Articles by Il’ja Rákoš

August 8, 2017

The Grueling, Painful, Beautiful Fiction of László Krasznahorkai 2

To misread Krasznahorkai as merely, or primarily, a political writer is to risk squandering the profoundly personal nature of his stories. More tragically, it is to foist a kind of sloppy activist, and determinately secular métier onto one of contemporary literature’s most sophisticated exponents of the sacred.

December 11, 2016

A Year in Reading: Il’ja Rákoš 8

We read and write for largely the same principal reason the ancients did: because, good Lord, we’re a damn mess. If 2016 hasn’t convinced you, I’m not sure what it will take.

June 7, 2016

Composed of Living Breath: On Svetlana Alexievich’s ‘Secondhand Time’ 2

Alexievich takes the jingoish caricature, the pulp-fiction rogue, the faceless millions of victims of historical record, and restores to them a voice — their own.

May 23, 2016

Svetlana Alexievich Is No Useful Idiot 6

“The idea of real, substantive equality is eternal. It’s beautiful. But somehow, in the Russian application of it, it always ends in a river of blood.”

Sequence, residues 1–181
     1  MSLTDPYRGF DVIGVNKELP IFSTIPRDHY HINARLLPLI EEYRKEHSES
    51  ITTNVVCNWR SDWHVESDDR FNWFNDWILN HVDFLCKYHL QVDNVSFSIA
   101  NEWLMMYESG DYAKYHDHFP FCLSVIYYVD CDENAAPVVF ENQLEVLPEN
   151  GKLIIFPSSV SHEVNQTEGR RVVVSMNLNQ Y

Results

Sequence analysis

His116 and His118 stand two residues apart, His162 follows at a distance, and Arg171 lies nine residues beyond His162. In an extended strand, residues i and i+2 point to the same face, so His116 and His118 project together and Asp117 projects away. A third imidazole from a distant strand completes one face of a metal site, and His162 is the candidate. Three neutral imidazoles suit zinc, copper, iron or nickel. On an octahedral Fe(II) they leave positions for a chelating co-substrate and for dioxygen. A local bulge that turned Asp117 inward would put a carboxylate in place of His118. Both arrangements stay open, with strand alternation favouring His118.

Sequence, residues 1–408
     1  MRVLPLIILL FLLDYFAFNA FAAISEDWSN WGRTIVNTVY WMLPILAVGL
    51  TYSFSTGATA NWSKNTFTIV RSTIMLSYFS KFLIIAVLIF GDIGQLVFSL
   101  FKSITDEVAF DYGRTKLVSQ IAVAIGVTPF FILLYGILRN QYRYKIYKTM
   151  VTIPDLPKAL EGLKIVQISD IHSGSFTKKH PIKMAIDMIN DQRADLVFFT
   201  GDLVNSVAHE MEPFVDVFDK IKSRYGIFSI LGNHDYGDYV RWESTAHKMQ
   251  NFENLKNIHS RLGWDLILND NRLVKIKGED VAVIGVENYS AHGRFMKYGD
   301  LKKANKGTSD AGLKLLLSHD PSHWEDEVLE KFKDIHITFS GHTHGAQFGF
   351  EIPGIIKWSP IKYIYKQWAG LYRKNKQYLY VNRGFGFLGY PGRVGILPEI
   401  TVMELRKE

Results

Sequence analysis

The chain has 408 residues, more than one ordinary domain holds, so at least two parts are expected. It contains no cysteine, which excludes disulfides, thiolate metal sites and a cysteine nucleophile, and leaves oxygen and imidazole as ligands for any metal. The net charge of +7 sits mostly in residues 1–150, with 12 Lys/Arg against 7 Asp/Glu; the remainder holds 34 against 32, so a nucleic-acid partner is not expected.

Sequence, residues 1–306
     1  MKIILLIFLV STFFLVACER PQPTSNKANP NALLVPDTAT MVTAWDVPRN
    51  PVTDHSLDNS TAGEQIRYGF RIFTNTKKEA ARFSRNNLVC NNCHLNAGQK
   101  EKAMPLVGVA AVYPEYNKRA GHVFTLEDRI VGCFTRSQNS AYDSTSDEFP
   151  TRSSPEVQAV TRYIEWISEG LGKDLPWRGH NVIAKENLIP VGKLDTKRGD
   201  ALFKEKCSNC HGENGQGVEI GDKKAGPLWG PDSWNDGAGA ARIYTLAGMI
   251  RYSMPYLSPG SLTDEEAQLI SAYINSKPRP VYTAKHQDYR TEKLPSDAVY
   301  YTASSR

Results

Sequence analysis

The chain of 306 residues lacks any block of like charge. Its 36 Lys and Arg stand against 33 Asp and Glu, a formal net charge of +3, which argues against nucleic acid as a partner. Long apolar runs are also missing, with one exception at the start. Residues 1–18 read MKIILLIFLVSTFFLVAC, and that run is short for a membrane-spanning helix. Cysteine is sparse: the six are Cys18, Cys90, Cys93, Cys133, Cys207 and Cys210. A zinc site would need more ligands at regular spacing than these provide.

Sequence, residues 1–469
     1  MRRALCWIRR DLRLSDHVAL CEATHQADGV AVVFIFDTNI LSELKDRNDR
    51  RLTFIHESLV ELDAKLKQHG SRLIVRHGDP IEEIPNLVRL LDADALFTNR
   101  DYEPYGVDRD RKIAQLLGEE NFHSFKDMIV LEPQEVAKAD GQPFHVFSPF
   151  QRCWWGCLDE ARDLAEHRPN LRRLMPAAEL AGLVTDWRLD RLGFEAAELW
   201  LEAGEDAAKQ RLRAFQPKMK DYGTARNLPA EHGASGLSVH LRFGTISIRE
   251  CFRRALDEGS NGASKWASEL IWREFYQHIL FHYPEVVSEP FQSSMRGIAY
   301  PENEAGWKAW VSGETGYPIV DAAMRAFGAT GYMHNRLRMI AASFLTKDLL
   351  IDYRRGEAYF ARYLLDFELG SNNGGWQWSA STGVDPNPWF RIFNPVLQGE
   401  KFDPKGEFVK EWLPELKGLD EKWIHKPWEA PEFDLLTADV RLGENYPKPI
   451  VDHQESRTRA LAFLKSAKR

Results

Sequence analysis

November 4, 2015

Ambrose Akinmusire and Jazz in the Smoldering City: A Dispatch From Kyiv 4

Whatever they may have expected, what the Ambrose Akinmusire Quartet got was a night onstage before this cloud of witnesses. An otherwise unimaginable crowd in a country in the grip of a rumored war stopping to listen to a black man from Oakland and his band testify while the city burns away its edges.

March 16, 2015

Tend to the Wounded: Dispatches from Kyiv 5

This is the first time I’ve been in a hot war zone, and the only thing I’ve learned is that I’m too old for this shit.